I’ve been using Microsoft Windows as my primary Operating System for well over a decade (since Windows 3.1). And from time to time I’ve also used various Linux (Arch, Crunchbang, Ubuntu, Mint to name a few) distributions1 2.

Lately, I’ve grown more open to trying different things. In 2015, I replaced my Android phone with an iPhone 6s Plus (I’m still using a 6s+ in 2019). But I’d never given Apple Mac’s a chance. I’d always been a “PC” user.

That changed in October of 2017 when I received a Mac mini (Macmini6,2 aka Late 2012). I won it on in an eBay auction. Frustratingly, it was my 6th attempt on eBay, but I sealed the deal with a last second bid. I chose this model because it cost less than $1k and had some upgradeability. Both in hardware (RAM, SSD, etc) and software.

I’m no longer that guy who speaks about Apple without having any practical experience with their products. My issues with Apple had mainly been the cost of hardware to performance ratio (overclocker bias). I picked that up from an overclocking forum I frequented. Overclockers despise Apple for lack of both customizability and overclocking. Sometimes there is more to computing than overclocking. ¯\(ツ)


I was looking for one with a 2.6 GHz (3.6 GHz Turbo) Intel i7-3720QM (Ivy Bridge). Why? I’m aiming to get several years of computing out of it.

Specifications it came with:

  • 22nm i7-3720QM CPU with 4 cores and 8 threads
  • 8 GB (4 GB x 2) of memory
  • 256 GB SSD for storage

Memory Upgrade

To help with system performance on my Mac mini (Late 2012), I upgraded the memory from 8 GB to 16 GB. After evaluating a few different memory models, I went with the G.Skill Ripjaws DDR3 1600 MHz PC3-12800 SO-DIMM. They had a lower Column Access Strobe (CAS) latency than the others I was looking at.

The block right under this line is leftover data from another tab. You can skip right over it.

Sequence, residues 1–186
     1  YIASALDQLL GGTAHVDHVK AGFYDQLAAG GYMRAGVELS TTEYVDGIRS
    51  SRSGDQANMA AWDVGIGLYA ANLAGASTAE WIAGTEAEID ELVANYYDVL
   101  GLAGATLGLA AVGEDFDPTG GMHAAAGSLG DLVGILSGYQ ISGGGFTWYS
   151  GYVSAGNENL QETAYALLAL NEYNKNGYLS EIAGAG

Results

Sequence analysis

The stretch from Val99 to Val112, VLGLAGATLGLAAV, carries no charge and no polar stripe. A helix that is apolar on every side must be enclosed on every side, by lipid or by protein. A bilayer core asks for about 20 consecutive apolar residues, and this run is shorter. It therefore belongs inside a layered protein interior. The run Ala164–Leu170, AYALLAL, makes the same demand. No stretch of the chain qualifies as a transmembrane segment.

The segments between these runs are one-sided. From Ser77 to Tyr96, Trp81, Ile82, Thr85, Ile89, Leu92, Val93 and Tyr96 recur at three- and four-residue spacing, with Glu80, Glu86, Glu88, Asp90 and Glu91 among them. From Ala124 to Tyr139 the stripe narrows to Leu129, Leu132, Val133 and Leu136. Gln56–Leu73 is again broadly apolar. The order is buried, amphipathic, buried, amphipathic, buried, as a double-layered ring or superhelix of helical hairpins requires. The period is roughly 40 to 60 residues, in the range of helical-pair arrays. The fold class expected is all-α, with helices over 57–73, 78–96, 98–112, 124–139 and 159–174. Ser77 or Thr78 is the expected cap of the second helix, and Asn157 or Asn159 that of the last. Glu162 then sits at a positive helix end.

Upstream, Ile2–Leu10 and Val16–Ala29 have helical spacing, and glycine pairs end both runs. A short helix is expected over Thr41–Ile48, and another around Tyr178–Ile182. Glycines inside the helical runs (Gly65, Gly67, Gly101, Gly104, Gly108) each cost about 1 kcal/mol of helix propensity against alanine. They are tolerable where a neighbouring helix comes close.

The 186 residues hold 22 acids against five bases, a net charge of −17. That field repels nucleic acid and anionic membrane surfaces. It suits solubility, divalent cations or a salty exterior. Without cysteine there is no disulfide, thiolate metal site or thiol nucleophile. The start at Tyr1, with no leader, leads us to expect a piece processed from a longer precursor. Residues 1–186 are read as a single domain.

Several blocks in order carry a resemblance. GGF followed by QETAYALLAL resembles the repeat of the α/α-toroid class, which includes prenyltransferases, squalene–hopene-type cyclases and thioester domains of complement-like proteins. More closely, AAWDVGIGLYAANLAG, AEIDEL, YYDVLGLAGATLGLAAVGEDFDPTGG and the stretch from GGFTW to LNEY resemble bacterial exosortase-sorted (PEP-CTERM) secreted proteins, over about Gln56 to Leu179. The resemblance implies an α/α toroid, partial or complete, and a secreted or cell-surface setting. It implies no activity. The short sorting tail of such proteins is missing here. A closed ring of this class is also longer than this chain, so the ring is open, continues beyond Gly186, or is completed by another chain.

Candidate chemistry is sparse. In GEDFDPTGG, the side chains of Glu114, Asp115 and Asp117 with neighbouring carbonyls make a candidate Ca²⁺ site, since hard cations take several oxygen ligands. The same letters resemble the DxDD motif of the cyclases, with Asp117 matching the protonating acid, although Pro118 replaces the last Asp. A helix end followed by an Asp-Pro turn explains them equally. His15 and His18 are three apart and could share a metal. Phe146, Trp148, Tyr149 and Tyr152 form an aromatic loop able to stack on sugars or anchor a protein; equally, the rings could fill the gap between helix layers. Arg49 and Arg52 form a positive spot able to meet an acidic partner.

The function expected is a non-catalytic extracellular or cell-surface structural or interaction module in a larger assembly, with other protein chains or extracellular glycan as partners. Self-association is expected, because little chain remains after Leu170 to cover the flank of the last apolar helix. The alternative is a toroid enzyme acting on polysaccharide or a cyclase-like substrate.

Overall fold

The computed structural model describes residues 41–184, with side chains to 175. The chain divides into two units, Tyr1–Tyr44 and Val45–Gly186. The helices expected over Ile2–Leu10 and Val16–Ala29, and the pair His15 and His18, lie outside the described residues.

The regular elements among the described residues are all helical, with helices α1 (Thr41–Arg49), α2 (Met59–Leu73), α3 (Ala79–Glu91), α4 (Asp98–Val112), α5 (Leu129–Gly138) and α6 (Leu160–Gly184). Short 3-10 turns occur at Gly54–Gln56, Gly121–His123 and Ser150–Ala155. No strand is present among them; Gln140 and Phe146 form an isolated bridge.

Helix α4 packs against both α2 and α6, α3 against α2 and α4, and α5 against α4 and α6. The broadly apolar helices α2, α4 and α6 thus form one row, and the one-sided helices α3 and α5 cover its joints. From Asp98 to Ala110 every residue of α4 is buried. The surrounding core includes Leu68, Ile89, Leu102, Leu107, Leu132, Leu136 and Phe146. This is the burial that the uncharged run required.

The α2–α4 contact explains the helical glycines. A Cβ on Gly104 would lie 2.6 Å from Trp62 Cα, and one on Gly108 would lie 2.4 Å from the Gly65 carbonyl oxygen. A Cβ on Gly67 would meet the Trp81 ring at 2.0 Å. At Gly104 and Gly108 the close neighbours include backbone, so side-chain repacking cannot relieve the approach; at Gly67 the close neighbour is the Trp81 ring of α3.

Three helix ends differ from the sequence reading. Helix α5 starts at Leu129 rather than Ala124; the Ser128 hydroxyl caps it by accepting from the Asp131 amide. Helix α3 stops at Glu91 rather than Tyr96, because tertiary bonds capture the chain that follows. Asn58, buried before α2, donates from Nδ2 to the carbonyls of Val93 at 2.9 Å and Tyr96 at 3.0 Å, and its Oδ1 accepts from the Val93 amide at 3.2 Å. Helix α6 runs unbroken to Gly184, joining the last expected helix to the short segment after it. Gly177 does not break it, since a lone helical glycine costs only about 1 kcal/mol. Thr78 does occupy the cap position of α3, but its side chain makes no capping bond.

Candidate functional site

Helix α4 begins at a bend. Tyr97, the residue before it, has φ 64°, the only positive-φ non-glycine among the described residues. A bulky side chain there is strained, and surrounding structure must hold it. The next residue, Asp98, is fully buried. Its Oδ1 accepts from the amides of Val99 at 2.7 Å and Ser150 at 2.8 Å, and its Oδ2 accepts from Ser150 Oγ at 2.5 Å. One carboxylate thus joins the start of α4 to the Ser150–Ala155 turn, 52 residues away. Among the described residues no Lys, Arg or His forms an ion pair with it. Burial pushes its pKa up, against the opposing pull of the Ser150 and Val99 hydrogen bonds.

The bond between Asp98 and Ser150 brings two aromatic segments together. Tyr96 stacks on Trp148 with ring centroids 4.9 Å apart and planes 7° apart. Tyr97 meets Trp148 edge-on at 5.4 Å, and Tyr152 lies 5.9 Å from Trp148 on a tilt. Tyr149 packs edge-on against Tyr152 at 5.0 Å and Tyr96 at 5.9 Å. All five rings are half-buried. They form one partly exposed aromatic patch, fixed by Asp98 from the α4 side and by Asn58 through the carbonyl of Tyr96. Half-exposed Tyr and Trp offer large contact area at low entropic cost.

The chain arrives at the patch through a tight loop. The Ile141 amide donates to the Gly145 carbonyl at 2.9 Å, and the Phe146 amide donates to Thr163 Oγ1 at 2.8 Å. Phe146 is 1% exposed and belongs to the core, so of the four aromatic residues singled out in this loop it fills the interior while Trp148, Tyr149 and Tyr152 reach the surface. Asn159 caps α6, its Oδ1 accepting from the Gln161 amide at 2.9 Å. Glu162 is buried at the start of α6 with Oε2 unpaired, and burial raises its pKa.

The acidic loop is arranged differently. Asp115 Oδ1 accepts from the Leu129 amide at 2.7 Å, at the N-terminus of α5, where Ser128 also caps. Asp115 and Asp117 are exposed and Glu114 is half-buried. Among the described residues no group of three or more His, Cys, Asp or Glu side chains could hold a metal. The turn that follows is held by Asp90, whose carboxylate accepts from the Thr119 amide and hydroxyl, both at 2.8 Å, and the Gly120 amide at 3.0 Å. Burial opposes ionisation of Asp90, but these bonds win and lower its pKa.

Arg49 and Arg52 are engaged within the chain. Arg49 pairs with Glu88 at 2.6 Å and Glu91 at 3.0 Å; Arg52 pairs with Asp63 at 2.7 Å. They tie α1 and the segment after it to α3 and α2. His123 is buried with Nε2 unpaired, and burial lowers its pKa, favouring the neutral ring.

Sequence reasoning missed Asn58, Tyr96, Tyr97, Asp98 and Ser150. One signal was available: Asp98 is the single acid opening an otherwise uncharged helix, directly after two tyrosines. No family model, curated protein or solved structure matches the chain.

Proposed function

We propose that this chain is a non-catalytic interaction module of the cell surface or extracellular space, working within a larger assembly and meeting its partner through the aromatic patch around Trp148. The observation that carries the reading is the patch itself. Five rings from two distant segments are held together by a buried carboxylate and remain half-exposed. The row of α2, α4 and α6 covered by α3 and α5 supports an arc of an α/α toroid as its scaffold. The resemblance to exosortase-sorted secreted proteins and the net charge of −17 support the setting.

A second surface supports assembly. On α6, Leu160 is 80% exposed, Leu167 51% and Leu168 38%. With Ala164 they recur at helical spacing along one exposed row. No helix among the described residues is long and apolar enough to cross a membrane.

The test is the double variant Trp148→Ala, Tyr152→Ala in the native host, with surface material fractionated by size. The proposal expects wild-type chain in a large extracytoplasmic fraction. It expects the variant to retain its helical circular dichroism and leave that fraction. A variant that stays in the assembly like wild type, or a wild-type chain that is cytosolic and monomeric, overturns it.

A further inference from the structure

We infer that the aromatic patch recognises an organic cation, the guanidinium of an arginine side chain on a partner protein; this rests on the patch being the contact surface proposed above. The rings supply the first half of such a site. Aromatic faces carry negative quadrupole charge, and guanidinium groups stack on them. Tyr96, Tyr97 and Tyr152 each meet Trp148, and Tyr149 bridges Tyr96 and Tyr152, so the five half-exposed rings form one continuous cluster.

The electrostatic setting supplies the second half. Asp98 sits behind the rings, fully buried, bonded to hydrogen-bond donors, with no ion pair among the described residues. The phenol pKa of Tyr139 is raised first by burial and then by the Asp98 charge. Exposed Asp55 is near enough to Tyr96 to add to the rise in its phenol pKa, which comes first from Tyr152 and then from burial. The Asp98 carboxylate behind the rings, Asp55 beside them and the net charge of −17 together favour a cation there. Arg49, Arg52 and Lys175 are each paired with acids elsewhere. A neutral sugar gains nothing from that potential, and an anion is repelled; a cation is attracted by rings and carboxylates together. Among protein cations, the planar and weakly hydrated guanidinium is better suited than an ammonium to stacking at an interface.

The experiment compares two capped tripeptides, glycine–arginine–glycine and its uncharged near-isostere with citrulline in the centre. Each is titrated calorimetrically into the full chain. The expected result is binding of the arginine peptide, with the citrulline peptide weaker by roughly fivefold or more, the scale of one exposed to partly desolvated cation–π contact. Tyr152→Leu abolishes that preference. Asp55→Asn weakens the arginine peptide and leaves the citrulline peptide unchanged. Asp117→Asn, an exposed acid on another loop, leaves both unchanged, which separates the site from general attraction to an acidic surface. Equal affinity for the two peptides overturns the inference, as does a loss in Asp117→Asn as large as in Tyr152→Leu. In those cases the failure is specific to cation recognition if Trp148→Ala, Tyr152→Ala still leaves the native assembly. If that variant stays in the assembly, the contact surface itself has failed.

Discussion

What’s CAS? CAS is the time it takes the CPU to ask for data, and then for memory (RAM) to provide it. Lower is better. Folks might argue that CAS only matters for benchmarks and that real world use won’t show a difference, but I did it anyways. Why not?

With that said, the memory upgrade from 8 GB to 16 GB was a noticeable performance boost. More so because I doubled memory.

Like most of us, I always have many applications and browser tabs open that I forget to close. The additional RAM sure helps with this. You could say I did this for the Chrome tabs.


I upgraded the 256 GB SSD it came with to a Samsung SSD 860 EVO 1 TB.

First OS Upgrade: Sierra -> High Sierra

The version of macOS it came with was OS X 10.8 Mountain Lion. This version is also when they transitioned naming from OS X (spoken like OS ten, not OS X) to macOS.

OS upgradeability was one of the reasons I bought the Mac Mini. I wanted to run High Sierra.

Upgrading was easy and free of cost (at the original time of writing macOS Sierra was the latest public release).

Initial Impressions

I’m only a few days in and I’m learning a lot about what I’ve been missing in the macOS world. I love it so far.

Second OS Upgrade: High Sierra -> Mojave

When Mojave came out in September of 2018, I was ecstatic that Apple was still pushing OS updates to their older products. I didn’t have any issues with running Mojave on it.

Third OS Upgrade: Mojave -> Catalina


Update: I’m reading macOS Catalina will also support this Mac Mini. I think I made a good purchase back in 2017. I got a 7 year old Mac Mini that still gets software updates (I’d be surprised if I get another major OS update for it though). I’ll try to update this post once Catalina is officially released.

  1. 2018 update: my portable’s daily OS is Ubuntu (MSI GE60) 

  2. 2019 update: my portable’s daily OS is Windows 10 (Thinkpad T440p) running the Windows Subsystem for Linux (WSL) with Ubuntu 16.04.